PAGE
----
Pulitzer-Prize-winning author Lawrence Wright has just published a thrilling, compulsively readable account of the 1978 Camp David accords titled Thirteen Days in September: Carter, Begin and Sadat at Camp David.
The New York Times named the book, published by Knopf, one of the 10 best books of 2014.
During that fraught period, the leaders of Egypt, Israel, and the United States hammered out a peace agreement between Israel and Egypt that has kept to this day.
Yet Wright is anything but optimistic about the chances for any other aspects of peace breaking out in the Middle East any time soon.
"There's no archeological or historical evidence," Wright told me, "to support the Biblical story of the enslavement of the Israelites in Egypt, their escape across the Red Sea, the forty years they spent wandering in the desert, or even Joshua's conquest of what is now the land of Israel.
"The problem is that when you use legend as the basis for political decision making, you run into trouble. You can have your stories and treat them as verifiable fact, or you can have peace. But you can't have both."
The Camp David accord nearly ran aground over this very issue, Wright writes. Begin's truculence was rooted in a Biblical reality, while Sadat saw himself as an Arab leader appointed by God to change the face of history.
It's really amazing when you consider how naïve Jimmy Carter was at the start of the conference, and how intransigent both Begin and Sadat were. Yet somehow they were able to overcome their core personality issues and come to an agreement. The problem is that in today's world, you probably couldn't even get these same guys in a room to talk, let alone to work out a deal.
The world has changed, Wright notes, with separation among the Jews and Palestinians the order of the day.
At the time of Camp David, Jews would travel into Palestinian Jericho to buy fruit and groceries. A hundred and fifty thousand Arabs would travel each day from Gaza to jobs in Israel. That doesn't happen anymore. Today, there's almost no contact between Israeli Jews and Palestinians. It's awfully hard to make peace with people you don't know the slightest thing about.
Wright, a journalist by trade and a musician to boot, had never intended to make a career of studying the intersection of deeply held religious beliefs and modern society, but that's certainly how his career has turned out.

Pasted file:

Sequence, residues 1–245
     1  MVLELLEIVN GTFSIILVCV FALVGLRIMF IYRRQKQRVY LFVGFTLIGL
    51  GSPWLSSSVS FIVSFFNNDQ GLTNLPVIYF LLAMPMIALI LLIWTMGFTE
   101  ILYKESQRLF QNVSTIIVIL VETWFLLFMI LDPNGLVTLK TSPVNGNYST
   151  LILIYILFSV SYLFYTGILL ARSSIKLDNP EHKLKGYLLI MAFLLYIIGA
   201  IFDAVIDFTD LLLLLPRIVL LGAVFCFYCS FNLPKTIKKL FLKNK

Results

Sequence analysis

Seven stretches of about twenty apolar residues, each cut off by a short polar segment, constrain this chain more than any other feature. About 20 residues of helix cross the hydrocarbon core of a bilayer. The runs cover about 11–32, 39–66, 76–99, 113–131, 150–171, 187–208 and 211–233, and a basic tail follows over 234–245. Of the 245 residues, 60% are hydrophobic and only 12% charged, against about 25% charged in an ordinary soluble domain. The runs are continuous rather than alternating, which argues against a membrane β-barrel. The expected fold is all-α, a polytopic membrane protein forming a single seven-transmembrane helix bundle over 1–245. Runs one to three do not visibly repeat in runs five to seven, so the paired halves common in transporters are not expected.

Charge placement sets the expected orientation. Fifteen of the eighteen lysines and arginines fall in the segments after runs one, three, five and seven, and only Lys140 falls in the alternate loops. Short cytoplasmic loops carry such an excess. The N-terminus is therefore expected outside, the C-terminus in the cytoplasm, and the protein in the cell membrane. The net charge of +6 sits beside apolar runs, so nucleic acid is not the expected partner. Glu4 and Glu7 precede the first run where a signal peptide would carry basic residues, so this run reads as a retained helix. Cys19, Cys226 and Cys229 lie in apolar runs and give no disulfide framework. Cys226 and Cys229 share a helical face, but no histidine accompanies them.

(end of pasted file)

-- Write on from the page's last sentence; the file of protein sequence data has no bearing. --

"I was pious in my teens," Wright recalls, "and less so later on. But I always had an interest in religion. My first book was about the Amish. It's really in the last ten years that religion has occupied so much of my professional focus."
In addition to his new book about Camp David, Wright has written The Looming Tower, a Pulitzer-Prize-winning study of the run-up to 9/11, and Going Clear, a highly regarded book about Scientology.
The tragedy of modern times, he suggests, is closed-mindedness to ideas that otherwise might have avoided bloodshed.
"David Ben-Gurion, the first prime minister of Israel, coauthored a book," Wright recounts, "arguing that the Palestinians were actually also Jews. The position he took was so controversial that the idea was quickly suppressed. But can you imagine how different the world would have been if Ben-Gurion's ideas had been taken seriously? What if Ben-Gurion was right?"
Wright marvels at the fact that the entire Camp David peace process owed its existence to the
mistaken belief on the part of one of Egyptian President Sadat's advisors.
The man, Hassan el-Tohamy, whom Wright portrays as a cross between a mystic and a court jester, met with Moshe Dayan, Israel's fabled defense minister, and reported, inaccurately, to Sadat that Israel was ready to make peace and surrender all of the territories it had won in the 1967 Six Day war.
On the strength of that "intelligence," Sadat made his lightning trip to Israel, flying to Tel Aviv and then speaking at the Knesset, inviting Israel to partner with him for peace.
Wright further marvels at the sincere, if astonishingly naïve, view of President Jimmy Carter, that he could take the leaders of two nations that had been at war seemingly forever, plop them down in an idyllic retreat not far from Washington, D.C., and emerge with a comprehensive peace plan, a process he envisioned would take a mere 72 hours.
It took a lot longer than that, but eventually Carter found the steel within his soul to force Begin and Sadat to accept compromises that led to the peace agreement.
The book is replete with unforgettable moments like Menachem Begin reciting the Gettysburg Address on a tension-breaking "field trip" to Gettysburg, and First Lady Rosalynn Carter sitting delightedly on Jimmy's lap as an agreement neared.
Wright portrays Sadat as an extraordinarily clever statesman with visions of greatness for himself that went back all the way to his poverty-stricken childhood. Carter, who grew up among poor blacks in the small town, mid-century American South, empathized with Sadat, an outsider in Cairo café society. The portraits of these leaders are exquisitely drawn and the book reads like a political thriller.
The real tragedy of the region, as Wright sees it, is that both sides will not relinquish their beliefs that their holy books are inviolate guides to political settlements in the 21st century. Until that ever changes, real peace will be in short supply.